Paracelsian Inc. announced that it has filed a patent applicationin Europe and Canada for use of p34 cell protein as an earlydiagnostic or prognostic marker for cancer. The Ithaca, N.Y.,company filed a patent application for the technology in theU.S. in January 1993.
Paracelsian said p34, one of the enzymes that regulates celldivision in all mammalian cells, activates the p53 molecule tohalt cell replication. "When the p53 protein is mutated, as seenin many human tumors, unregulated cell growth can occur," thecompany said. "Studies have shown that breast cancer biopsiesare 40 percent positive for p53 mutations and that abnormalp34 levels are found in approximately 90 percent of breasttumor cells."
Mary Lee Noden, Paracelsian's vice president of marketing andbusiness development, said p34 has been found in severalother cancers. She noted that the company is setting uprelationships with cancer institutes for clinical trials to studyp34 as a diagnostic and prognostic marker. The company thinksp34 technology potentially can be used in monitoring AIDSpatients, evaluating Pap smears and diagnosing breast andprostate cancers.
Founded in 1991, Paracelsian markets a cell proliferation assaytest that detects an increase in p34 and thereby determineswhether a chemical compound is capable of causing cancer. Theassay is used in three separate products marketed toresearchers: In Vivo-CDK Elisa, which tests a chemical'scapacity to induce cancer in lab animals; In Vitro-CPA Elisa,which is used with cell lines; and PCNA Elisa Kit, a confirmatorytest for proliferating cell nuclear antigen, which is believed tobe a marker for cell proliferation.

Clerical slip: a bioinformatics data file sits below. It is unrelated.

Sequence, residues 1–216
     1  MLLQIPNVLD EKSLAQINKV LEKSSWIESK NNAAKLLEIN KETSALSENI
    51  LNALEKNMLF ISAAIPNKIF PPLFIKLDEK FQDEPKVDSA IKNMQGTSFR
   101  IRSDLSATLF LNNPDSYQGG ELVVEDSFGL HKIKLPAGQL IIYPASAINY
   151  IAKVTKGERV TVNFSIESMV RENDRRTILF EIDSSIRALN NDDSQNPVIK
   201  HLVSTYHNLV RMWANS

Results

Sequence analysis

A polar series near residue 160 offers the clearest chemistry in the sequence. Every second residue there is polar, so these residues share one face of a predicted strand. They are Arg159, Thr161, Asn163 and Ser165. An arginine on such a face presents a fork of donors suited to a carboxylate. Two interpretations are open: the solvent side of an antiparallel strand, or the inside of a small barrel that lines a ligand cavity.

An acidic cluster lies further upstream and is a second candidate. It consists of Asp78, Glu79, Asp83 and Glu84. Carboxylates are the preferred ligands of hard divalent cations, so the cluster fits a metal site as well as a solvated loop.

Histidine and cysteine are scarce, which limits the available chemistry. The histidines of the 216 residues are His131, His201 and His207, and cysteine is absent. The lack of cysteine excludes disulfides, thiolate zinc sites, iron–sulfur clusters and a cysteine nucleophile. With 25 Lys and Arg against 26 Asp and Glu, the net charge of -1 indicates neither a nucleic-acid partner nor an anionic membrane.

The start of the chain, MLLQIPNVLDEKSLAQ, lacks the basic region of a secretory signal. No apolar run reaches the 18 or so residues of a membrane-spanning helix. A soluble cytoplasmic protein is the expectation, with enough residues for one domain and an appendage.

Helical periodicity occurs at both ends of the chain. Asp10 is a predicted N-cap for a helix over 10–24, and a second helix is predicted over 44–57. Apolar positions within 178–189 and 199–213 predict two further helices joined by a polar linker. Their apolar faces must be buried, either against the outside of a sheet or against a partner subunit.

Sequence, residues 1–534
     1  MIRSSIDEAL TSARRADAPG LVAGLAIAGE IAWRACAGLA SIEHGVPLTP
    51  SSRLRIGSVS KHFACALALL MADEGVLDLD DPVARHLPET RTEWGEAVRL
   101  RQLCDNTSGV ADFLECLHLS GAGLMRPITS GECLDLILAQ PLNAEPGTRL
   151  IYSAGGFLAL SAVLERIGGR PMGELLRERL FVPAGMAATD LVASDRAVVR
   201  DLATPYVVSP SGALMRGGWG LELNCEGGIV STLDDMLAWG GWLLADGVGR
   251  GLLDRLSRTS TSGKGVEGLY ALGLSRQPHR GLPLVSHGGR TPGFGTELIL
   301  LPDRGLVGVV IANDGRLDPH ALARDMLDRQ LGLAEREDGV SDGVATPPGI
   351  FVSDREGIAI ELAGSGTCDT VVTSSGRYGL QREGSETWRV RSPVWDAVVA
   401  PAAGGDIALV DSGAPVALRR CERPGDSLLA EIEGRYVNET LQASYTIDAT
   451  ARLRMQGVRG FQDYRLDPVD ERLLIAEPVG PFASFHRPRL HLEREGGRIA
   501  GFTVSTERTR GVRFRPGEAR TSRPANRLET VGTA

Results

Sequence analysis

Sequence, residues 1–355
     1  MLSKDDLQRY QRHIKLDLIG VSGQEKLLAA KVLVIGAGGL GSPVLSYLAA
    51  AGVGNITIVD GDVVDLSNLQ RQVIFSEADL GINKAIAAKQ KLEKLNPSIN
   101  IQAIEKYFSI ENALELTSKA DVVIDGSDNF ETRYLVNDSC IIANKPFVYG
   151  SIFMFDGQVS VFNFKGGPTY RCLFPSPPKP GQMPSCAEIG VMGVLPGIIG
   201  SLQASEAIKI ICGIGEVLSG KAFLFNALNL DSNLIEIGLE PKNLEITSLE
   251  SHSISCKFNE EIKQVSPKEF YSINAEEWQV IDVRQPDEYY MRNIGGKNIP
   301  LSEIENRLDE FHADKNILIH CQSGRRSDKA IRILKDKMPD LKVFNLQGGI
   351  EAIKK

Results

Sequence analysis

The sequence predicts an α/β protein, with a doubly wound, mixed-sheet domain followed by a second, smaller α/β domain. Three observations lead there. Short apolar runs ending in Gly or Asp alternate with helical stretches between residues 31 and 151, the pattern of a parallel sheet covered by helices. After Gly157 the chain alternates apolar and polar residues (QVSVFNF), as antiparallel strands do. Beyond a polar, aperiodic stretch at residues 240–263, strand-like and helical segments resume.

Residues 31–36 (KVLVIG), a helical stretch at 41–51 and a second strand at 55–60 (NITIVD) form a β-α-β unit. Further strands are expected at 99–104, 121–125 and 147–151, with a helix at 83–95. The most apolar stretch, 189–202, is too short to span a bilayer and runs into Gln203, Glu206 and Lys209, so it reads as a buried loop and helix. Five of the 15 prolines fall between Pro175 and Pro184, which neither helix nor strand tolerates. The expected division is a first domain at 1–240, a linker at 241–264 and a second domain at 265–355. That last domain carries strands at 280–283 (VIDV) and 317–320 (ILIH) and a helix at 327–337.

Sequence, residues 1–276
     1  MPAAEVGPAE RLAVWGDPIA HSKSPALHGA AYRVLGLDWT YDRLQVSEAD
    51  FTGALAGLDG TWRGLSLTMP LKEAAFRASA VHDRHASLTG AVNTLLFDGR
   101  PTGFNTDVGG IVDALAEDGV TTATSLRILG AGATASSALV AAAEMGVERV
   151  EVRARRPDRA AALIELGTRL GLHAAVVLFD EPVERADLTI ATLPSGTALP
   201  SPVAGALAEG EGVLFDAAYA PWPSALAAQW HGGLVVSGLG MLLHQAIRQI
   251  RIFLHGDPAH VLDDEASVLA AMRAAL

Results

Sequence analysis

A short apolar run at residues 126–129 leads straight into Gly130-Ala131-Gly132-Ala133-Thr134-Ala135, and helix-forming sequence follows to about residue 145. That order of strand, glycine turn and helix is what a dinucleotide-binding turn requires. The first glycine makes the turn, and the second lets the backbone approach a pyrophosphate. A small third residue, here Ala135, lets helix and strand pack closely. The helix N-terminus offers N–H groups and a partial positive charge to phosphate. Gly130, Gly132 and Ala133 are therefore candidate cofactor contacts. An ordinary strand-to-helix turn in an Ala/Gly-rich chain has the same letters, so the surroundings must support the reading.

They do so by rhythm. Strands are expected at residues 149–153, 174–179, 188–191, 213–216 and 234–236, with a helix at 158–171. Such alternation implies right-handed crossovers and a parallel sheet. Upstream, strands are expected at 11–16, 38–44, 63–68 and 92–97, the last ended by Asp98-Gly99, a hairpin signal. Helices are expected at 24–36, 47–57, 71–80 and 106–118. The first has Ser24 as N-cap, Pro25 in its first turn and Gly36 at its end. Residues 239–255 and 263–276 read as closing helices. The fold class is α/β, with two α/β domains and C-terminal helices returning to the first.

Paracelsian also has developed an environmental diagnostictest, called the Ah-Immunoassay, which is designed to detectand quantify potentially toxic dioxin-like chemicals found inthe environment and workplace. The company is negotiating tolicense the technology.
Paracelsian developed the cell proliferation assay test incollaboration with Cornell University. The company has anexclusive licensing agreement with Cornell Research FoundationInc., a wholly owned subsidiary of the university, for rights topatent applications based on the Ah-Immunoassay andRoboSapien, a multiple cell-culture system. Both technologieswere developed at the university.
Paracelsian (NASDAQ:PRLN) completed its initial public offeringof 1.15 million shares at $5.50 per share in February 1992. Asof Jan. 28, the company had 2.3 million shares of common stockoutstanding, 1.1 million of which are in the public float.
-- Brenda Sandburg News Editor
(c) 1997 American Health Consultants. All rights reserved.